A major red flag is when someone says that they can be read like an open book. I can’t believe it when someone thinks they are easily understood. There’s a difference between being an average person and being someone who spews out any thought that comes to mind.
I can confirm that I am a person that spews out any thought that comes to my mind.
I find myself in countless conversations talking about
my hot takes on breakfast foods or a random Wednesday experience at Home Depot. It is important to give life updates every now and then, however, not everything has to be shared.
There are times when we find ourselves too comfortable in situations. I’ll meet someone, and I’ll tell them about my stomach problems from earlier that day. I can imagine their first impression of me is a chatty girl with irritable bowel syndrome. That’s OK with me, considering I can’t control someone’s perception of myself.
A difficult skill to learn is being confident in sharing thoughts. There are times where we feel discouraged in our ideas and experience self-doubt.
“You might put yourself in physical danger by revealing too much to the wrong person,” wrote psychotherapist Amy Morin for Forbes. “You could alienate people who feel uncomfortable by the amount of personal information you share. And recounting your problems to people who don’t have your best interest in mind may lead them to take advantage of you.”
With oversharing, some people have a characteristic called “the audacity.”
There are situations when people don’t think before they speak. It is crucial to remember that our words impact others. There is a line between honesty and being a good person. If you find yourself thinking that your friend’s sweater is ugly, under no circumstances should you tell them that. You might convince yourself that you’re doing them a favor, but disagreeable words can have a horrible effect. Your friend may take it the wrong way and feel insecure about wearing something new.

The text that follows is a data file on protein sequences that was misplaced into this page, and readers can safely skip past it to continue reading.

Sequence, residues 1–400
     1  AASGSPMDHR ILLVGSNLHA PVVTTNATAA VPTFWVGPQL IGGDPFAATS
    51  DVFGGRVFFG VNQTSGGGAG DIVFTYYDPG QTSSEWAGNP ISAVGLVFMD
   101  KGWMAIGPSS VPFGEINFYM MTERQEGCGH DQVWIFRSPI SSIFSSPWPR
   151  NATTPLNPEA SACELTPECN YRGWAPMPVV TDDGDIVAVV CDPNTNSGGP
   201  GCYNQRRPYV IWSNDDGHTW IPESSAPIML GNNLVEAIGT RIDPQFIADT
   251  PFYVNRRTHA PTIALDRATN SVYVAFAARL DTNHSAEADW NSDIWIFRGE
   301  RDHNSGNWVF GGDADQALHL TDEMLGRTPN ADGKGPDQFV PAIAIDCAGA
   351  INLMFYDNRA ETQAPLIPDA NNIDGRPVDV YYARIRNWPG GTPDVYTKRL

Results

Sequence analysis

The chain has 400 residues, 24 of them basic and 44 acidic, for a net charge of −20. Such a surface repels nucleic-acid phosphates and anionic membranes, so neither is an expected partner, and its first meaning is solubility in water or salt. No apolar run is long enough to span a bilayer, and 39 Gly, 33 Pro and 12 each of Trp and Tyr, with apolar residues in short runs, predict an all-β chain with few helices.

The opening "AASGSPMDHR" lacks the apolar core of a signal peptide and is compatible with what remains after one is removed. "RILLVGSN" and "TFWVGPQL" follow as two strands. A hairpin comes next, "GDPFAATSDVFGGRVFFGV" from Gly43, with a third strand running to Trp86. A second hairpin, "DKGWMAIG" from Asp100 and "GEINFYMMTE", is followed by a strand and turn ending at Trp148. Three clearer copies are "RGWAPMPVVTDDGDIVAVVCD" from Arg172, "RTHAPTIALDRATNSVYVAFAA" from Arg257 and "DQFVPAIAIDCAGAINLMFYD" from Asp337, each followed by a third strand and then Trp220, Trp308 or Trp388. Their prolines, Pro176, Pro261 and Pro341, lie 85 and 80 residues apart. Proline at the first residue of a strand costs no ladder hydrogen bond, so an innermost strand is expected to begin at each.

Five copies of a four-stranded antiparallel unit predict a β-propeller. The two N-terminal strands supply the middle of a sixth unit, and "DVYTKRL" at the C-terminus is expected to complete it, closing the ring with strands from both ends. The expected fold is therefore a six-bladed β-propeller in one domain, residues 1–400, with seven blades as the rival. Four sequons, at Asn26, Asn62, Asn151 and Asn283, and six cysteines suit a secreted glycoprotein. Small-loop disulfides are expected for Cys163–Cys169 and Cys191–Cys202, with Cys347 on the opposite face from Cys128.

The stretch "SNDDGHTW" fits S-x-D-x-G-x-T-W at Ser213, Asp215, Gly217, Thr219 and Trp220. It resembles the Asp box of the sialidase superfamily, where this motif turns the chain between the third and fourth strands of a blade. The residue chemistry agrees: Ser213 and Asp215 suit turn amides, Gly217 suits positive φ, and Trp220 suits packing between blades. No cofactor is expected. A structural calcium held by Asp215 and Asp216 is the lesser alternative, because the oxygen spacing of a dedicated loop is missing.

It is not necessarily bad for someone to share their thoughts. However, there can be statements that can cross other people’s boundaries. The other person may be uncomfortable with listening to your personal experiences and may not know how to respond. I have been in situations like these with friends, and we need to be mindful that speaking up takes courage. Whether good or not, we are in the most control with what we share on social media. We post anything from our prettiest
pictures to a reflection on a past experience. Committing a hate crime on social media is the only limitation, but everything else is fair game. For example, I tweeted that I considered putting my Volkswagen Jetta in my microwave so the engine can warm up faster. I know it is not logical, but it was my direct thought that I wanted to share with the world.
Struggling to vent to people face-to-face, some people might use social media as their only outlet to share their thoughts. A simple tweet can get their problems off their mind. We’re not really sure who sees our social media posts, but it doesn’t matter. Whether it has 500 views or 15 views, it is beneficial for your sake to get things off your chest.
Sometimes I think about the digital world I share my personal thoughts with. I have a pool of connections with hundreds of people from my close friends to someone I worked on a group project with in my freshman year of college. There are people who I haven’t talked to in years that watch my Snapchat stories daily. It seems that I am so open with myself that I would let just anyone in.
I like to think I have nothing to hide from others. That’s not the truth. I put myself on a platform, and post my own content. I show people what I want them to see. We tend to forget that there is more to someone than who they are on the internet. We can’t assume we know everything about each other. It’s not like I’m going to post my social security number on Twitter. If I reveal my private information, that’s on me. But, I will continue to express my thoughts without hesitation.